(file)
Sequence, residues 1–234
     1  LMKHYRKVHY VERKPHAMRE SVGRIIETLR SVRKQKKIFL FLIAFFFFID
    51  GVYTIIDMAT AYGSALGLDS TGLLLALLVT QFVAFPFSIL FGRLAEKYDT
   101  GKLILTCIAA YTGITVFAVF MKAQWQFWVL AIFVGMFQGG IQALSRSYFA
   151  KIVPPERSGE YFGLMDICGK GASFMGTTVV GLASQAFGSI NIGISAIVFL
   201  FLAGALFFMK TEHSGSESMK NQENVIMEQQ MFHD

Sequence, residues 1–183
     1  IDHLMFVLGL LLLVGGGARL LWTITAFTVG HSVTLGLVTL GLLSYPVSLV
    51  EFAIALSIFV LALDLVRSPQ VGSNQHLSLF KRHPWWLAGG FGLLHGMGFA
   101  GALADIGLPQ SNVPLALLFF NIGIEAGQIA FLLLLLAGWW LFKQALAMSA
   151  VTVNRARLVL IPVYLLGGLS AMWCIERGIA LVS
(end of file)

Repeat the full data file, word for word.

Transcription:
Sequence, residues 1–234
     1  LMKHYRKVHY VERKPHAMRE SVGRIIETLR SVRKQKKIFL FLIAFFFFID
    51  GVYTIIDMAT AYGSALGLDS TGLLLALLVT QFVAFPFSIL FGRLAEKYDT
   101  GKLILTCIAA YTGITVFAVF MKAQWQFWVL AIFVGMFQGG IQALSRSYFA
   151  KIVPPERSGE YFGLMDICGK GASFMGTTVV GLASQAFGSI NIGISAIVFL
   201  FLAGALFFMK TEHSGSESMK NQENVIMEQQ MFHD

Sequence, residues 1–183
     1  IDHLMFVLGL LLLVGGGARL LWTITAFTVG HSVTLGLVTL GLLSYPVSLV
    51  EFAIALSIFV LALDLVRSPQ VGSNQHLSLF KRHPWWLAGG FGLLHGMGFA
   101  GALADIGLPQ SNVPLALLFF NIGIEAGQIA FLLLLLAGWW LFKQALAMSA
   151  VTVNRARLVL IPVYLLGGLS AMWCIERGIA LVS